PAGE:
At a September 29, 2011 press conference, days before Governor Jerry Brown's massive Realignment plan took effect, he said, "the Realignment plan has been thought through. It's not trouble-free. There'll be bumps along the road, but from everything I can tell, this is a viable plan that, as we work together, will not only ensure public safety but will fix a prison system that has been profoundly dysfunctional for decades." In adopting AB109, which transferred the responsibility for tens of thousands of felons from the state to counties, the Governor promised that the prison inmate population would be reduced to comply with a federal court order, that some of the projected savings in state incarceration costs would be shared with counties to help rehabilitate criminals and that public safety would be preserved.
According to the Sacramento-based Criminal Justice Legal Foundation, now after nearly three years since the law took effect, it is clear that none of these promises have been kept.
A June 21, 2014 Los Angeles Times story by Paige St. John reports that after an initial drop in inmate population when Realignment took effect, the trend has reversed and is now nearly 20,000 inmates higher than projected. State prison costs did not go down as projected, but increased by $2 billion in 2013 and may increase by $3 billion in 2015.
Crime has also increased under Realignment. Comparing FBI reports on crime in California's largest cities from January to June 2011, before Realignment took effect, to the same period in 2013, after two years of Realignment, the number of cities reporting increases in violent crime jumped by 60%, while cities reporting increases in property crime rose by 55.5%. "There have been hundreds of additional violent crimes such as rape, robbery, and assault under the Governor's plan and thousands more property crimes such as auto theft, identity theft, and burglary," said Foundation President Michael Rushford. "A study released by the non-partisan Public Policy Institute last December estimated that in its first year, Realignment accounted for an additional 24,000 motor vehicle thefts."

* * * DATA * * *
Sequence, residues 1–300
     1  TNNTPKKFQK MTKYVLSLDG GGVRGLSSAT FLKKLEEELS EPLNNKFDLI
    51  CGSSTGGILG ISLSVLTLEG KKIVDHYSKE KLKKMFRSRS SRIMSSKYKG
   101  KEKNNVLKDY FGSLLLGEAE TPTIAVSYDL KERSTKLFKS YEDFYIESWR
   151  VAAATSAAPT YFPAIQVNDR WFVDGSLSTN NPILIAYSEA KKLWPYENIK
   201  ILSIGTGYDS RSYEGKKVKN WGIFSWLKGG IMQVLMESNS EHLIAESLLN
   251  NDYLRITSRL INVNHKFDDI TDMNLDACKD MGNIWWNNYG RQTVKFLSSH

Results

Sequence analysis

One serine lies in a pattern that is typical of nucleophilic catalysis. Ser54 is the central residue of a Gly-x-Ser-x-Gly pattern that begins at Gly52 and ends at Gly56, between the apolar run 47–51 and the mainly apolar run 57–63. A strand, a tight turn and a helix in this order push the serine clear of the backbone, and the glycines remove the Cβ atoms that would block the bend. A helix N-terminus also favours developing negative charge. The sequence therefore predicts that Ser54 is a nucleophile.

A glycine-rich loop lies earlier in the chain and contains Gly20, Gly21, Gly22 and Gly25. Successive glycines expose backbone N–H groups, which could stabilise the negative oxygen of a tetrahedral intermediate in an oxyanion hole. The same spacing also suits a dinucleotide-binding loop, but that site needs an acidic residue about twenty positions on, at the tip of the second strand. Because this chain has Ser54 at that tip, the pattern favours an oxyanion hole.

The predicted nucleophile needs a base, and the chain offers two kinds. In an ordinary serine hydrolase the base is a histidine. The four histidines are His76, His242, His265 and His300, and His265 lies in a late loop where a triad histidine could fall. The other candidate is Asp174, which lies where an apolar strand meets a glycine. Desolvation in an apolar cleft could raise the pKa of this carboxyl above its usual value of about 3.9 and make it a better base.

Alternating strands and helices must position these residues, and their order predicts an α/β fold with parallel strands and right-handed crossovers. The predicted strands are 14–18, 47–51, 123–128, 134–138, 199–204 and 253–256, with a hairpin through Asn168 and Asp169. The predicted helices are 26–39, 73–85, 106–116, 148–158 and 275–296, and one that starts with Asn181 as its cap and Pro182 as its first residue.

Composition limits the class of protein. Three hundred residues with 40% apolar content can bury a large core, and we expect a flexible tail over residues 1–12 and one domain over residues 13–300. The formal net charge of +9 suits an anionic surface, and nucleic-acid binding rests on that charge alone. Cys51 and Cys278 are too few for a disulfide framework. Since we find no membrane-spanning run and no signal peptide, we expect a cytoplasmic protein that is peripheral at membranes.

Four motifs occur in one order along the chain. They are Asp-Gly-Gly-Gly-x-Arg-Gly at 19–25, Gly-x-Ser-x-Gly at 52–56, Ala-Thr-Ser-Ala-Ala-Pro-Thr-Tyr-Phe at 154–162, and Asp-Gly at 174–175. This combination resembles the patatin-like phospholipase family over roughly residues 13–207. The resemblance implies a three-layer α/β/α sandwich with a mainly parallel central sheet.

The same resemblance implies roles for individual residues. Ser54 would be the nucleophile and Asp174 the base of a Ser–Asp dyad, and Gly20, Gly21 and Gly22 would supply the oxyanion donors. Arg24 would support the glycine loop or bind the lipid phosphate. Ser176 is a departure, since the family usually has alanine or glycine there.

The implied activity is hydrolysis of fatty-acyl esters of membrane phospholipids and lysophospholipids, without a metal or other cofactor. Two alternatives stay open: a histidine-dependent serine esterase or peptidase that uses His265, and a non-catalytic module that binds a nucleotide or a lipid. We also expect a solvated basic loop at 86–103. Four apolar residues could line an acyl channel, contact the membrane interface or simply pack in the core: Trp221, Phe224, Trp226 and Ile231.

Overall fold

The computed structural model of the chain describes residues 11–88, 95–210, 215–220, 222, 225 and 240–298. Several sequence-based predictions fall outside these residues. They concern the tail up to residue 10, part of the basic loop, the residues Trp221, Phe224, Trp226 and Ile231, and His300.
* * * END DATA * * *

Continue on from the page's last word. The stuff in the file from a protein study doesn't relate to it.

"The Governor said recently that given more time Realignment will work. But every day that we wait, time runs out for victims like Lisa Gilvary, a 46-year-old Fresno mom who was stabbed to death in 2012 by a habitual criminal released from prison to light supervision under this law. How long can we justify this carnage while we watch all the trends going the wrong way?" said Rushford.
CJLF President Michael Rushford is available for comment at (916) 446-0345.